Daily Reading for November 4
Another thing has begun to happen in our days. The holy places have begun to come to life. Who could have foreseen the revival of pilgrimage to Lindisfarne and Glastonbury, or still more surprisingly, to Walsingham? What is it which draws people to such places? It is the presence of the saints and the prayers of the saints.
“For wherever a saint has dwelt,
wherever a martyr has given his blood for the blood of Christ,
There is holy ground, and the sanctity shall not depart from it.”
(T. S. Eliot, Murder in the Cathedral)
The instinct to go to places where people have lived is not a wholly vain one. It is one thing to know that George Herbert gave up a promising career in Cambridge and London in order to bury himself in an insignificant country parish. It is another to kneel before the altar in the tiny church at Bemerton. It is one thing to know that at a time of great danger during the war George Bell and Dietrich Bonhoeffer met in Sweden, transcending all the conflict in a relationship established in Christ. It is another thing to sit in the quiet house in Sigtuna where the meeting actually took place. Our own lives and the life of our nation are not so full of places of epiphany that we can afford to neglect them. They are part of our eucharist and our anamnesis, our recalling of the things that God has done, and our thanksgiving for them. For the lives of God’s friends often seem in a strange way to gather up and fulfil the aspirations of a whole people. What is true and characteristic of a nation or a country in them is not lost, but transfigured.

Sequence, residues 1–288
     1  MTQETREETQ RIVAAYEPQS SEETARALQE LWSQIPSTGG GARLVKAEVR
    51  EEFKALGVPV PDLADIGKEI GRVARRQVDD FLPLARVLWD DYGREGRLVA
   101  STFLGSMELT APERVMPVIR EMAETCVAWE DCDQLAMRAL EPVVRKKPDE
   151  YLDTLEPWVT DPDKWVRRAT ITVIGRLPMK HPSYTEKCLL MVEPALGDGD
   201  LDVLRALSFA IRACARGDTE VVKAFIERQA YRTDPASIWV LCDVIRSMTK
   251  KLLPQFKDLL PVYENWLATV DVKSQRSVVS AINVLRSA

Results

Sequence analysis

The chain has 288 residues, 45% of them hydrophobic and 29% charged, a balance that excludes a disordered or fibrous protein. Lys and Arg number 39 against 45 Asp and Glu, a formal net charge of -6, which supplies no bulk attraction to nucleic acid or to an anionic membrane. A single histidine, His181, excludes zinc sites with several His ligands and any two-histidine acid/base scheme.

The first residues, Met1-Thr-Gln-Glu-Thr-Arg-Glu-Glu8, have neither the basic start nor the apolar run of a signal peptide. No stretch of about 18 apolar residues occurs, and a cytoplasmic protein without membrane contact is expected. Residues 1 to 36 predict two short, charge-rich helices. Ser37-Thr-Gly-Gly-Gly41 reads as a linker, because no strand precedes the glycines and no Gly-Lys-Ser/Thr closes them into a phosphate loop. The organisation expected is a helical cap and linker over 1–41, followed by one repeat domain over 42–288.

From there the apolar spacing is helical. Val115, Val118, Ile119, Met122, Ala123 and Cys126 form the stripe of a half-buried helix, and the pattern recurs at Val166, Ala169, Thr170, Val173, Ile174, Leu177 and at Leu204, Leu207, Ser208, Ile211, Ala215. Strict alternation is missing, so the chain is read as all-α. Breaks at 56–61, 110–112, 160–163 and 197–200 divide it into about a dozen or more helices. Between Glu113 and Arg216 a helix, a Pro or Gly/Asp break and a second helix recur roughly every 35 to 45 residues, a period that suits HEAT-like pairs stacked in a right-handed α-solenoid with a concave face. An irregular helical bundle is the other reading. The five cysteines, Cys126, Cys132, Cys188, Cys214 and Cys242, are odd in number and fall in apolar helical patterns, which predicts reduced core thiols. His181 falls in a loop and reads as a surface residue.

For the communion of saints is never an abstract or ethereal thing, a piece of superfluous doctrine. It is rooted in this earth, in places where people have lived and loved, and seen the glory of God shining out in the common light of every day. But those who have been constantly with God in prayer have even in this life become somewhat freer of time and space than most of us are. In prayer we come more intimately into touch with those unconscious levels of our being which seem to be less tied to the time sequence than our consciousness is. Beyond them we begin to enter into the deep places of the Spirit. Perhaps that is why, even after centuries of neglect, holy places are still found to be full of a timeless presence.
From “The Communion of Saints” in The World is a Wedding by A.M. Allchin (London: Darton, Longman & Todd, 1978).